3 Ways to Roast a Chicken & Shaved Brussels Sprout Salad

Ask any of your friends if they have a favorite roast chicken recipe, and they will absolutely say “yes”. There are hundreds of ways to roast a chicken*, but it’s always fun to learn a new version. So, here you go…three more ways to roast that perfect chicken, and make your hungry family extra-happy. Plus we share one of our favorite side salads to accompany your yummy chicken – enjoy!

Foolproof Roast Chicken


1 chicken, a roaster or a fryer (about 4 lbs.)

Softened butter or oil (canola or olive)

Salt and pepper

Optional: half a lemon, a few cloves of garlic (peeled or unpeeled), and a handful of fresh herbs


  1. Preheat the oven to 450°
  2. Pat chicken dry with paper towels (to ensure crispy skin).
  3. If you like, tuck the lemon, garlic, herbs, inside the chickens cavity. (Note: Trussing is an unnecessary step, and, in fact, the insides of the wings and drumsticks don’t brown so well. But you can tie the legs together with some kitchen string for aesthetic purposes.)
  4. Put the chicken in a roasting pan, baking dish, or cast iron skillet. Rub it all over with butter or oil- the fat helps produce a golden, crispy crust- and sprinkle it with salt and pepper.
  5. Roast for 20 minutes. Lower heat to 375°. Baste if you want, but it’s not necessary.
  6. Roast for another 50-60 minutes until it’s deep golden. (The drumsticks wiggle in their sockets and the juices run clear when the chicken is pierced. If you have an oven thermometer, it should read 170° when poked into the thickest part of the thigh.)
  7. If it needs to be cooled longer, leave it in and check it every 10 minutes until it’s done.
  8. Tent the chicken with foil and let it stand for 10 minutes before carving. While it’s resting, pour the pan juice into a bowl and spoon off the fat. Use the juice to make gravy or just serve as is, drizzled over the chicken.

Spatchcocked Chicken

A spatchcocked chicken (split open with the backbone removed) cooks more quickly and evenly, having been flattened before roasting.

  1. Turn the chicken breast-side down on a cutting board and use sharp kitchen shears to cut along one side of the spine (starting from the cavity). Cut the other side; then remove the bone. (By the way, you can also ask the butcher to do this for you.)
  2. Open the bird like a book, flip it over, and flatten it- pressing down on the breast and turning the legs so they lie flat.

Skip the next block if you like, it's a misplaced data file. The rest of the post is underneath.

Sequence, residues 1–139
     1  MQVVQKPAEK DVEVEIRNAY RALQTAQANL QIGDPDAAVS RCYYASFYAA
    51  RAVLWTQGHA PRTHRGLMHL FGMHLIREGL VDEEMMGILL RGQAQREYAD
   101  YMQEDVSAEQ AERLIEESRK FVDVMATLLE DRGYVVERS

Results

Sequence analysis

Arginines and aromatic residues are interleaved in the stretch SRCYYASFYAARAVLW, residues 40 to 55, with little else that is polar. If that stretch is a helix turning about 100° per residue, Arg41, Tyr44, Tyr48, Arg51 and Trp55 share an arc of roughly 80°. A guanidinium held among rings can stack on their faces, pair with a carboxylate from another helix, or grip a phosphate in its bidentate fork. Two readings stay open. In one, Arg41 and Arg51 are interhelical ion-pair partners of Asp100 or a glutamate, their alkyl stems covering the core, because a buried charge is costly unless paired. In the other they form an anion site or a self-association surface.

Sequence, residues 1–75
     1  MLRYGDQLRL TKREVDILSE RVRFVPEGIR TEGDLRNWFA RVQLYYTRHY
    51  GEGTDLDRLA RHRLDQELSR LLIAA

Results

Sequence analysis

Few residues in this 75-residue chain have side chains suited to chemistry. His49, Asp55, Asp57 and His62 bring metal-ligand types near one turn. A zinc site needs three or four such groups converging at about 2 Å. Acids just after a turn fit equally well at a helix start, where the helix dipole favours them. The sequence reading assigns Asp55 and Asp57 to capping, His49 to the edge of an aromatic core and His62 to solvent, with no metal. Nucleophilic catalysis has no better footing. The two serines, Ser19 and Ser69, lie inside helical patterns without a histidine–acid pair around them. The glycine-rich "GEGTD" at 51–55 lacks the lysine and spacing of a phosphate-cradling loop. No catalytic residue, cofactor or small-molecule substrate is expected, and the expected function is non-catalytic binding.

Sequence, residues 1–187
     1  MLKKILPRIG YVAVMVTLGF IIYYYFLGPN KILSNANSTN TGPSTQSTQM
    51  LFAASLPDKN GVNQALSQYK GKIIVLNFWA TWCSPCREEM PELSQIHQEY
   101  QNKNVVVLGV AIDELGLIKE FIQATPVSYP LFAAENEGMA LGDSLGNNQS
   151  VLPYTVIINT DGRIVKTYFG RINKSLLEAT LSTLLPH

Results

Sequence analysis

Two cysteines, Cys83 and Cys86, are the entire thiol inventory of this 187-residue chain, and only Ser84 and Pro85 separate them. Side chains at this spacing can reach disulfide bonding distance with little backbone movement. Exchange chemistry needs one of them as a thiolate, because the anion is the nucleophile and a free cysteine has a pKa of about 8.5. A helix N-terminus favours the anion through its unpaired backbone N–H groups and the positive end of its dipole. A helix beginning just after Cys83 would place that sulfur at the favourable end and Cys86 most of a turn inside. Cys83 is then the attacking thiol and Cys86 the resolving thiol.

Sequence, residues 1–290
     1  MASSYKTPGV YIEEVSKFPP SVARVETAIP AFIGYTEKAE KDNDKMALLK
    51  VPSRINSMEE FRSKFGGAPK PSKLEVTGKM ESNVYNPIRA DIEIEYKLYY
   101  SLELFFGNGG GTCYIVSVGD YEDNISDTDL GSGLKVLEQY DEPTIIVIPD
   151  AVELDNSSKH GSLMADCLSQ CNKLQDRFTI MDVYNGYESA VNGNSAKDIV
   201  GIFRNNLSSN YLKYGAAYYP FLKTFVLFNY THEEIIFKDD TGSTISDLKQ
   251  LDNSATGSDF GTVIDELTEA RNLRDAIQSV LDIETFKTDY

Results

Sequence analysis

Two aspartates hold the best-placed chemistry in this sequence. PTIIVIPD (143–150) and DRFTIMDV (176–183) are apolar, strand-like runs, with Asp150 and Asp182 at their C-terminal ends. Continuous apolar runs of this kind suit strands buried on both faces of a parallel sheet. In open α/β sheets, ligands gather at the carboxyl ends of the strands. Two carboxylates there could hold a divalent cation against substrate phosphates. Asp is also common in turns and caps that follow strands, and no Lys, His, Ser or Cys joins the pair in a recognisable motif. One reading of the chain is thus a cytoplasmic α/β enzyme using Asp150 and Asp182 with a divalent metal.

3. Proceed with your favorite roast chicken recipe, cutting the cooking time by about a third.

Chicken Under a Brick

Once you’ve mastered spatchcocking, you can cook your chicken on the grill rather than in the oven. If you don’t have access to a brick (typically foil wrapped), try setting a large cast iron skillet on top of the chicken (after rubbing the bird with oil and sprinkling it with salt and pepper or your favorite spice rub).

  1. Preheat your grill to high. Place chicken cut-side down on the rack. Top with brick or skillet. Cook for a few minutes.
  2. Lower heat to medium, close the grill, and cook for about 15 minutes per side or until cooked through (juices run clear; joints wiggle; thermometer reads 170°)
  3. Let chicken rest on a cutting board, loosely tented with foil or a tea towel, for 5-10 minutes before carving.

*Recipes by Julie Van Rosendaal, and her blog: dinnerwithjulie.com

Shaved Brussels Sprouts Salad with Pecorino Cheese*

Serves: 6

Prep Time: 25 Minutes


1 tbsp. fresh lemon juice

1 ½ tbsp. fresh orange juice

½ tsp. finely grated lemon zest

1 tsp. Dijon Mustard

2 tbsp. sherry vinegar

¼ cup extra- virgin olive oil

Kosher salt and pepper

1 ½ lbs. Brussels sprouts, trimmed and very thinly sliced

1 small or ½ large red-skinned apple (Pink Lady or Gala), julienned

½ cup shaved Pecorino Romano Cheese

How To

  1. In a small mixing bowl, whisk together first 7 ingredients, ¼ tsp. salt and pepper to taste.
  2. In a salad bowl, combine the Brussels sprouts and apples. Add dressing; toss gently. Top with cheese. Season with salt and pepper and serve.

*Shaved Brussels Sprout recipe reprinted from: PEOPLE Magazine, November 2014, page 23.